Monday, January 20, 2020

#20 / When... (In One Sentence)

Sheila Wise Rowe has written a book called Healing Racial Trauma. I found out about the book from an advertisement in the February 2020 issue of Sojourners Magazine. The advertisement had a headline that said, "Racial Trauma Is Real."

When I read that, I thought to myself, "What?" How could that headline on the advertisement be necessary? Is there really anyone who doesn't understand the reality of racial trauma, and that it continues to exist?

Of course, I know that there are people who have not, yet, really "gotten it." Still, we all ought to have "gotten it" by now, and if we haven't, it is time to read, or reread, one of the most powerful single sentences ever written in the English language.

This sentence (and it is a long one) is found in Martin Luther King Jr.'s Letter from a Birmingham jail. The Letter was later included in Dr. King's book, Why We Can't Wait:

Perhaps it is easy for those who have never felt the stinging darts of segregation to say, "Wait." 
But when you have seen vicious mobs lynch your mothers and fathers at will and drown your sisters and brothers at whim; when you have seen hate filled policemen curse, kick and even kill your black brothers and sisters; when you see the vast majority of your twenty million Negro brothers smothering in an airtight cage of poverty in the midst of an affluent society; when you suddenly find your tongue twisted and your speech stammering as you seek to explain to your six year old daughter why she can't go to the public amusement park that has just been advertised on television, and see tears welling up in her eyes when she is told that Funtown is closed to colored children, and see ominous clouds of inferiority beginning to form in her little mental sky, and see her beginning to distort her personality by developing an unconscious bitterness toward white people; when you have to concoct an answer for a five year old son who is asking: "Daddy, why do white people treat colored people so mean?"; when you take a cross county drive and find it necessary to sleep night after night in the uncomfortable corners of your automobile because no motel will accept you; when you are humiliated day in and day out by nagging signs reading "white" and "colored"; when your first name becomes "nigger," your middle name becomes "boy" (however old you are) and your last name becomes "John," and your wife and mother are never given the respected title "Mrs."; when you are harried by day and haunted by night by the fact that you are a Negro, living constantly at tiptoe stance, never quite knowing what to expect next, and are plagued with inner fears and outer resentments; when you are forever fighting a degenerating sense of "nobodiness"--then you will understand why we find it difficult to wait.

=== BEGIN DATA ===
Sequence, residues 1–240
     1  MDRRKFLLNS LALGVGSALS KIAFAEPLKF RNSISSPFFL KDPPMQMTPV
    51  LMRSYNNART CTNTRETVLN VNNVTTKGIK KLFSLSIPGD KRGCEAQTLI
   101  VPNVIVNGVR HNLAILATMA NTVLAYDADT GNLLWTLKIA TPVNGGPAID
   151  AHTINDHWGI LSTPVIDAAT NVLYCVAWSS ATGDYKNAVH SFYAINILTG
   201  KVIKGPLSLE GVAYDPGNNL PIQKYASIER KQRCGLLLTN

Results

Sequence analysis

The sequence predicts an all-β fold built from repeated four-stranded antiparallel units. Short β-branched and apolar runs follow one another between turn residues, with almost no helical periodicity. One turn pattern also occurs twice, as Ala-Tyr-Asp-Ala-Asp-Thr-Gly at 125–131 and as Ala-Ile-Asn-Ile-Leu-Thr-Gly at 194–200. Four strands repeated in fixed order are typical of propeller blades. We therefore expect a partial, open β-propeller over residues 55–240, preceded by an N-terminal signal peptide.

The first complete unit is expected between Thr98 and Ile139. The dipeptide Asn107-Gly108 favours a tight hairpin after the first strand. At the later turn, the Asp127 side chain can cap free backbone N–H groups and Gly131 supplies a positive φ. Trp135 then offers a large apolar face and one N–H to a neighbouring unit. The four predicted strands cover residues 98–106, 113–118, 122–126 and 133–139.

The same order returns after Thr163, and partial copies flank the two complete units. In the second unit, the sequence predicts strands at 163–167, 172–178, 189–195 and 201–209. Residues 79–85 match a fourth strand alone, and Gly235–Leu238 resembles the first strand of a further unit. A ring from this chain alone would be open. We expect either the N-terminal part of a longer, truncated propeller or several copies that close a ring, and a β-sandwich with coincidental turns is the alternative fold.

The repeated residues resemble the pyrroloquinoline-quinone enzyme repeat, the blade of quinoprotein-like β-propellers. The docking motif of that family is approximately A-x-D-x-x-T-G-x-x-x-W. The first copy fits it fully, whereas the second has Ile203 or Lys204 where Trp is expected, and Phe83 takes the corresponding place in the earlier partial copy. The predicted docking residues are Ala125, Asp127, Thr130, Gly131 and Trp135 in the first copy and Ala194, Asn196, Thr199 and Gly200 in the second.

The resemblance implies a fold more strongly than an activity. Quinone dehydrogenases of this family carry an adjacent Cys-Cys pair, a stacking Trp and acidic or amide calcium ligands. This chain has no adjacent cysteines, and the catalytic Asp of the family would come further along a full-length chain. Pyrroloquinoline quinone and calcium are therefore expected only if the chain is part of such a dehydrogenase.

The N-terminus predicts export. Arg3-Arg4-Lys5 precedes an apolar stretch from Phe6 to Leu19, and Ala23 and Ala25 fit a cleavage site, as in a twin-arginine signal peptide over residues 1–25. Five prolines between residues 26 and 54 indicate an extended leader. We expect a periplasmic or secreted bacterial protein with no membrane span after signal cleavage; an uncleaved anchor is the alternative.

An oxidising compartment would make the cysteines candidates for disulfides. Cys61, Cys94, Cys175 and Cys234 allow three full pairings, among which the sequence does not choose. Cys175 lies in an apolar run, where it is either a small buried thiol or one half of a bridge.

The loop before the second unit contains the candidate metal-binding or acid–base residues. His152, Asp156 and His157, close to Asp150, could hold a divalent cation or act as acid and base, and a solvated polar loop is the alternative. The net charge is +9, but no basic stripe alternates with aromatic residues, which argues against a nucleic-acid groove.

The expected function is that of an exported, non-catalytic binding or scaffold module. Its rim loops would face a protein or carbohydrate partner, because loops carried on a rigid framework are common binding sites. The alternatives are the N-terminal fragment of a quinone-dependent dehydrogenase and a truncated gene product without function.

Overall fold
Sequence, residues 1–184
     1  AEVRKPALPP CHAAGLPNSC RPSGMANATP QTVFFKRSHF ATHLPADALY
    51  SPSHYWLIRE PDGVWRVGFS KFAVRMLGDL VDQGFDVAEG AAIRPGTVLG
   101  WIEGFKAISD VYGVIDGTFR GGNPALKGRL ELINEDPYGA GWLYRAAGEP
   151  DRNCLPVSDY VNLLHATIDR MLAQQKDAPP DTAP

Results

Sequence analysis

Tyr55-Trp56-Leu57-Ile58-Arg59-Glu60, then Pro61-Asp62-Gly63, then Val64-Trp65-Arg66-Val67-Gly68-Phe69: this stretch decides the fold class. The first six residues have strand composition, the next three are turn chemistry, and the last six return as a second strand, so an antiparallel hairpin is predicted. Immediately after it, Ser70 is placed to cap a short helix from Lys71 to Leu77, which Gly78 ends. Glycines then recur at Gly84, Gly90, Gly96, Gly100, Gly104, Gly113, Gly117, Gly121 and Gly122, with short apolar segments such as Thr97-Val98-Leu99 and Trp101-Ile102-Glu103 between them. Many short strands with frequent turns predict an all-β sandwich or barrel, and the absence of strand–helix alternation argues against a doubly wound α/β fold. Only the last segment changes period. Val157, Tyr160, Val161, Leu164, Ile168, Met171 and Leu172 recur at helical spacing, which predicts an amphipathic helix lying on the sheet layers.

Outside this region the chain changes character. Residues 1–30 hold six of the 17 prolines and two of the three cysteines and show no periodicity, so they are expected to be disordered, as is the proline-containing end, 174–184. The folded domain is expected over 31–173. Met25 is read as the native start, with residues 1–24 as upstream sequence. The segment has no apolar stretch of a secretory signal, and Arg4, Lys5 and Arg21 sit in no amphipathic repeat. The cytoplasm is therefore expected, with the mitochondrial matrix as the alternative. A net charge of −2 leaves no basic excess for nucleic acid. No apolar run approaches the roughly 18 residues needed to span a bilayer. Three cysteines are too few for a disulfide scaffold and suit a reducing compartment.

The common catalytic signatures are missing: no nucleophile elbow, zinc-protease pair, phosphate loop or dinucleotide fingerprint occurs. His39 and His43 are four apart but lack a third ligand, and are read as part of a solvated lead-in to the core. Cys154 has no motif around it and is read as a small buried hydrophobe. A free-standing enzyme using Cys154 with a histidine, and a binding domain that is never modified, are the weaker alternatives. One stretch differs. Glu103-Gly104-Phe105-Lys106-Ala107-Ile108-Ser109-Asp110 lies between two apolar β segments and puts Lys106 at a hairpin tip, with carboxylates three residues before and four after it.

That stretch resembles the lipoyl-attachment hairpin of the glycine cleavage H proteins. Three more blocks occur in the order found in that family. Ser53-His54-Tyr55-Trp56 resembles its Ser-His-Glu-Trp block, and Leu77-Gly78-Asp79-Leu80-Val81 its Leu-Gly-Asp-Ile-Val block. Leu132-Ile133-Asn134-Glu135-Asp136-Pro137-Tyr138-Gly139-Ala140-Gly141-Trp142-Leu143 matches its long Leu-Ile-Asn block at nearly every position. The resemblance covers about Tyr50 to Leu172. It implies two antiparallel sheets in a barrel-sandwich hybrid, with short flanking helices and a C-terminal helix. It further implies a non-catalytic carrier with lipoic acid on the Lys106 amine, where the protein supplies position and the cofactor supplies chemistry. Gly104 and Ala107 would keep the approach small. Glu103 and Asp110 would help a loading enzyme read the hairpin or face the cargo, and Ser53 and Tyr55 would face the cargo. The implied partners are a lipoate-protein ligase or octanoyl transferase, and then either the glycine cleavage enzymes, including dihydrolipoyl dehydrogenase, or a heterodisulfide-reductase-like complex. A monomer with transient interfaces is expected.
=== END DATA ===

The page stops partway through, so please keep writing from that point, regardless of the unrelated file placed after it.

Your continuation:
If you are a writer, note the use of the semicolon. That sentence, starting with "But," is all one sentence. If you need reminding that "Racial Trauma Is Real," think about each one of those examples, and others that might be added to those mentioned in King's list. Long as it is, that list could have been longer. Oh, yes: "Racial Trauma Is Real."

There was an article in that issue of Sojourners that is particularly appropriate today, on Martin Luther King, Jr.'s birthday. Here is a link: "'UNTIL WE ARE ALL FREE': LEARNING FROM TUBMAN, KING, AND STEVENSON."

We still can't wait! We must not wait. "Racial Trauma Is Real," and it is, as always, time to act. Today, on this holiday, it is a good time to think about that!

It's Now Or Never, More Than Ever.

Image Credits:
(1) -
(2) -

No comments:

Post a Comment

Thanks for your comment!